It’s sometimes fun to speculate about wild minting errors that are entirely conceivable but that have not yet been documented. I have, for example, been eagerly awaiting news of the first “waffled” U.S. coin that has been restruck with its original design or with the design of another denomination.
In 2003 the U.S. Mint began crushing rejected coins and planchets, leaving them with a corrugated, vaguely waffle-like pattern. These canceled coins are then shipped out and melted down. Waffled coins are readily available in the marketplace, as there is little attempt to secure them once they’ve left the Mint.
While no waffled coin of recent vintage has found its way back to a coining press, a small group of canceled Indian coins did make their way into U.S. presses in the mid-1960s, including this 1964-D Jefferson 5-cent coin struck on a silver-alloy 1940 India quarter rupee. Before being struck by 5-cent dies, the coin was impressed with a pattern of diamond-shaped indentations.
Another example can be seen on page 262 of Alan Herbert’s Official Price Guide to Minting Varieties and Errors (fifth edition). In this case the design of a 1964 cent was struck over a 1942 India quarter rupee. Herbert suggests that his coin had some “help.” After all, the U.S. Mint has never produced coins for India at any point in its history. Still, there’s reason to think that these particular dual-country errors are purely accidental. It’s unlikely that a criminal conspiracy would involve employees at both the Philadelphia and Denver Mints. There’s also no reason why someone trying to create a valuable dual-country, double-denomination error would choose a damaged host coin.
The distribution and depth of the indentations also provide useful clues. The diamond-shaped indentations are strongest in the center and become shallower toward the periphery. None reach as far as the design rim. This peripheral fade-out is more easily seen on a canceled 1944 India 1-rupee coin.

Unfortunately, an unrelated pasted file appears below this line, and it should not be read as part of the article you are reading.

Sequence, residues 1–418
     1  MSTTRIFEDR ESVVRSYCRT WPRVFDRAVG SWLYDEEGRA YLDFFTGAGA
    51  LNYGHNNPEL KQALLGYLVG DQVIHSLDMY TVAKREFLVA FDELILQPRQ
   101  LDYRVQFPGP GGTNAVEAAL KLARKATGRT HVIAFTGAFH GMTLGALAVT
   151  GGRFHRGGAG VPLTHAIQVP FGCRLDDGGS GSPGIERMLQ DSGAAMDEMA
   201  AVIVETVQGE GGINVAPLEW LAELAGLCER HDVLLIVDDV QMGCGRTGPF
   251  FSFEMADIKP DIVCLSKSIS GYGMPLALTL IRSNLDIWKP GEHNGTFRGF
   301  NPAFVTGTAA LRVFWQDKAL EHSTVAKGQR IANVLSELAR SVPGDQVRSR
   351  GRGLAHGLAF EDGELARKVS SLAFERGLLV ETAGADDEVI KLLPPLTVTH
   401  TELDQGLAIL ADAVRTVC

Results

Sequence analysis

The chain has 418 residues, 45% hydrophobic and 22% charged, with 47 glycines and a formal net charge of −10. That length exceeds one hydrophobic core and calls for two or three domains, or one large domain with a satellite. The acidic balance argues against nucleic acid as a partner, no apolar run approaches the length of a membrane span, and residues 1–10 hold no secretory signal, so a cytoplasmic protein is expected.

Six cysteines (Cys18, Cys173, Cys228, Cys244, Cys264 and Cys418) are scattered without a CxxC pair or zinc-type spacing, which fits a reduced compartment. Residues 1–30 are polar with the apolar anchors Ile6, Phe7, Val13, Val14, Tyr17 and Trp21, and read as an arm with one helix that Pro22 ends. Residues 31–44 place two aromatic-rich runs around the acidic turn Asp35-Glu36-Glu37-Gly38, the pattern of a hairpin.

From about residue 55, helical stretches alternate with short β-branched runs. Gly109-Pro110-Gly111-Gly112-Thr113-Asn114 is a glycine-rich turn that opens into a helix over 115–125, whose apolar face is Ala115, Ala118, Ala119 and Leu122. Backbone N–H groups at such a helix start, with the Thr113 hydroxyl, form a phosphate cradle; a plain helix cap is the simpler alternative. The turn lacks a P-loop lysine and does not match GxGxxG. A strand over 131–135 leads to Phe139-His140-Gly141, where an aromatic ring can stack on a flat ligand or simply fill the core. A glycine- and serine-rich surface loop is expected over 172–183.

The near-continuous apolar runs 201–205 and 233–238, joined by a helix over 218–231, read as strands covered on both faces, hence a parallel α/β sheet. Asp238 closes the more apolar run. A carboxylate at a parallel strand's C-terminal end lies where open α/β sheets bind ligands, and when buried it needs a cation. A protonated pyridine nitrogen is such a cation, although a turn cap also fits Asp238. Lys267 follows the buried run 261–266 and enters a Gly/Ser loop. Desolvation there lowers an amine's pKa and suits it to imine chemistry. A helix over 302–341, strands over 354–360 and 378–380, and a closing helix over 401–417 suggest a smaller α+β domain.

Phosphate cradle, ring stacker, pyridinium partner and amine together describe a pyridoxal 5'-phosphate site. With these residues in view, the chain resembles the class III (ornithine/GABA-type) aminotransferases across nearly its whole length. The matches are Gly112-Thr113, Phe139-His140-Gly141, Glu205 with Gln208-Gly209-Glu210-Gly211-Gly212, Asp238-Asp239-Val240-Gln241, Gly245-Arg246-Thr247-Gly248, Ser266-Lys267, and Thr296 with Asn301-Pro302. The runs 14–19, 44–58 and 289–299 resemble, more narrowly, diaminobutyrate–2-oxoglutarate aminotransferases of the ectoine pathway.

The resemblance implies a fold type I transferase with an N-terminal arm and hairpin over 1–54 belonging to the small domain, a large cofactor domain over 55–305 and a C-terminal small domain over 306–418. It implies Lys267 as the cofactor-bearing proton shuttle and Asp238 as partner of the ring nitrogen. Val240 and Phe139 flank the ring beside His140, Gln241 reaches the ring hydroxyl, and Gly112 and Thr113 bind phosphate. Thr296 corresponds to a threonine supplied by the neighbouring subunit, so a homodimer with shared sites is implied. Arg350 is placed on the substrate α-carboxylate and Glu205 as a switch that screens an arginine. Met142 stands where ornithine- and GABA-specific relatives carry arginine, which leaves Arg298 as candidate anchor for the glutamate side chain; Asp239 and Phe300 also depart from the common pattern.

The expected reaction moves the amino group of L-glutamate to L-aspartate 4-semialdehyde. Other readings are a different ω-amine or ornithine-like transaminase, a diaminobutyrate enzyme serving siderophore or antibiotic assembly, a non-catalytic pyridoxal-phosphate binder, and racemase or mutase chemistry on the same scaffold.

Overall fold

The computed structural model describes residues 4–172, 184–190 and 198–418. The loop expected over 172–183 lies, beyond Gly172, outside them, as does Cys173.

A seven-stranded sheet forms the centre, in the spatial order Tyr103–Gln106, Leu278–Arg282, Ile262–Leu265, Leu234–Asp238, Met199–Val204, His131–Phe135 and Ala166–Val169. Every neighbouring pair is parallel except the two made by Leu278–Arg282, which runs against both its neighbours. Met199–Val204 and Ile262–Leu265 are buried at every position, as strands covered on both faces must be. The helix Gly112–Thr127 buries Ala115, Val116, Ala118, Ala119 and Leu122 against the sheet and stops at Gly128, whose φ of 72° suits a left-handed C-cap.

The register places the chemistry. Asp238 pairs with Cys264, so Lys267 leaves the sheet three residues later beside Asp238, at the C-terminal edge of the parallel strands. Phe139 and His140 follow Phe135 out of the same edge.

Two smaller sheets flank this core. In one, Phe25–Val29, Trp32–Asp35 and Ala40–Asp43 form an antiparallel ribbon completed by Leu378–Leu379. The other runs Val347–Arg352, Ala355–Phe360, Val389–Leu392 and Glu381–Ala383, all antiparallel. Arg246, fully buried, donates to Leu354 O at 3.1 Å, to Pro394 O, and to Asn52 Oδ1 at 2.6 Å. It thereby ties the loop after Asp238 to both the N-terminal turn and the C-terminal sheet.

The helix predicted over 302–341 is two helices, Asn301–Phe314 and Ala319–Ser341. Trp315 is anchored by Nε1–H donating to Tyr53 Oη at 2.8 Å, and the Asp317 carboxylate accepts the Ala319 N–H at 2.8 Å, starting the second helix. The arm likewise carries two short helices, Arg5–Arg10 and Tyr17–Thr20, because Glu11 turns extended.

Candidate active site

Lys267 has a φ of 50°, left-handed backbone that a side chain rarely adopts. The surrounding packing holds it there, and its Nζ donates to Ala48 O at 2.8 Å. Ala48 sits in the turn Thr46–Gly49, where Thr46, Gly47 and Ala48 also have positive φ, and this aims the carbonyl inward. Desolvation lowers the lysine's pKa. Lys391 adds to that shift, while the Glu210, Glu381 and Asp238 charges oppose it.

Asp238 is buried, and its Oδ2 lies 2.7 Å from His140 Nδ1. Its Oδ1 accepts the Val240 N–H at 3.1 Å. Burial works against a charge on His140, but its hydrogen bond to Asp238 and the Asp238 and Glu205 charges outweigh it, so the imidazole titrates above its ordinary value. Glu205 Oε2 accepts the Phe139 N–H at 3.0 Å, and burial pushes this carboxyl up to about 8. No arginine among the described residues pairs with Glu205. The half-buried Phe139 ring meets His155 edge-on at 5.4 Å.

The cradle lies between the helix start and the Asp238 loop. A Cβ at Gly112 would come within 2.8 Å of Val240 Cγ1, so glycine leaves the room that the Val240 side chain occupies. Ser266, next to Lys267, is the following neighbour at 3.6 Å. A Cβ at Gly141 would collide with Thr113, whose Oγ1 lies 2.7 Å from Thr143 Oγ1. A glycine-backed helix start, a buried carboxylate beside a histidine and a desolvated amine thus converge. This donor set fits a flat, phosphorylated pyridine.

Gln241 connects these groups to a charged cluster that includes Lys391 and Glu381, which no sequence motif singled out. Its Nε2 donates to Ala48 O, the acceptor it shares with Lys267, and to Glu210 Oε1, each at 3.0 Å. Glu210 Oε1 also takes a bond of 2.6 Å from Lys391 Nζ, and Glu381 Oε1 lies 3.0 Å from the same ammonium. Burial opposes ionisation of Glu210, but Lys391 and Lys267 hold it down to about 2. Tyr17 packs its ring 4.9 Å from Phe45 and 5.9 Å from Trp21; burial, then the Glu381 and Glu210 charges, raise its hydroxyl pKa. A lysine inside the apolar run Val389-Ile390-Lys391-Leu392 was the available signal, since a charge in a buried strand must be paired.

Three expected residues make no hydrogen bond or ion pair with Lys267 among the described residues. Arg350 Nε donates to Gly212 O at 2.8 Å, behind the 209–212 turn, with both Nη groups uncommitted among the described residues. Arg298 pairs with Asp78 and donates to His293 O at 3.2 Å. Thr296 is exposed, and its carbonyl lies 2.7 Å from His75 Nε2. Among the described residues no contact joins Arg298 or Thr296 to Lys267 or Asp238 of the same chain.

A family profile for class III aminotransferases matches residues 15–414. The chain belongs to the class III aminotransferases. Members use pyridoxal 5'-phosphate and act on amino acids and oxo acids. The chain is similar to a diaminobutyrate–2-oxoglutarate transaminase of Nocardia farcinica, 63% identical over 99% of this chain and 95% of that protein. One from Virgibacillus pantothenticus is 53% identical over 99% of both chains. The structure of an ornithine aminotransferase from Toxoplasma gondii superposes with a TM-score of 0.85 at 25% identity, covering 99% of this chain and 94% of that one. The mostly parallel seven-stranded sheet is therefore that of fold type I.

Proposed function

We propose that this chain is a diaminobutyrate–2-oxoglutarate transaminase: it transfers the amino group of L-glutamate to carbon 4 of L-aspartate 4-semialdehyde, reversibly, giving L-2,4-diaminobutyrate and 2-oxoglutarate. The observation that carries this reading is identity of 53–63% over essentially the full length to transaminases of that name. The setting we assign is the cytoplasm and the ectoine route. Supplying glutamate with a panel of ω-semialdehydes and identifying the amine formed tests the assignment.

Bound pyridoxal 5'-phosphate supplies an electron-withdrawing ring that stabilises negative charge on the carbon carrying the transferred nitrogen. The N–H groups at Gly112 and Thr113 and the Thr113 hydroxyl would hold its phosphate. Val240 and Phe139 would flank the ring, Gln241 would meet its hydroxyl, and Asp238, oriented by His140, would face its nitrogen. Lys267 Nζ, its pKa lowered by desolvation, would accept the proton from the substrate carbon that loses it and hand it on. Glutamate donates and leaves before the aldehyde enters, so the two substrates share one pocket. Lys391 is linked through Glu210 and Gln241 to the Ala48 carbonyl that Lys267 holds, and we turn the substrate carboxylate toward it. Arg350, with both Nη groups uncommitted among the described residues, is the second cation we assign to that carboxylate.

The peripheral fade-out of indentations and their presence on otherwise unmolested silver-alloy coins indicate that these coins were probably defaced by a pair of government-authorized cancellation dies, each with a convex face studded with diamond-shaped bumps. I suspect that when these coins were declared obsolete, the Indian government decided to make sure they never were used in commerce again.
While the use of cancellation dies would seem to be unnecessarily complex and inefficient, it has been documented elsewhere.
I had previously been told that these indentations were produced when the coins were squeezed in a vise with a studded surface. This form of vandalism does produce a superficially similar pattern, as seen here in a 1941 Lincoln cent provided by Robert (BJ) Neff. The big difference is that the indentations do not fade out peripherally. In fact some of the strongest indentations are seen where they intersect the design rim (which is especially vulnerable to damage).
So what was the U.S. Mint doing with canceled Indian coins? I suspect that they bought them from the Indian government for their silver content. In 1964, total mintages of silver coins in the United States reached an all-time high. The 1-rupee and fractional rupee coins of the 1940s are 50 percent silver. By 1950 (the first year the Indian republic started minting its own coins), silver was no longer being used in any circulating Indian coins. All those obsolete coins must have been a tempting source of foreign exchange for India.
It’s conceivable that bulk shipments of canceled silver coins were received by the U.S. Mint and then transported in tote bins to in-house blast furnaces for melting and metal separation. It’s possible that a few of those coins were accidentally left in the tote bins and subsequently buried under loads of planchets.
Naturally, this chain of speculation needs to be followed up by investigation of Mint archives.
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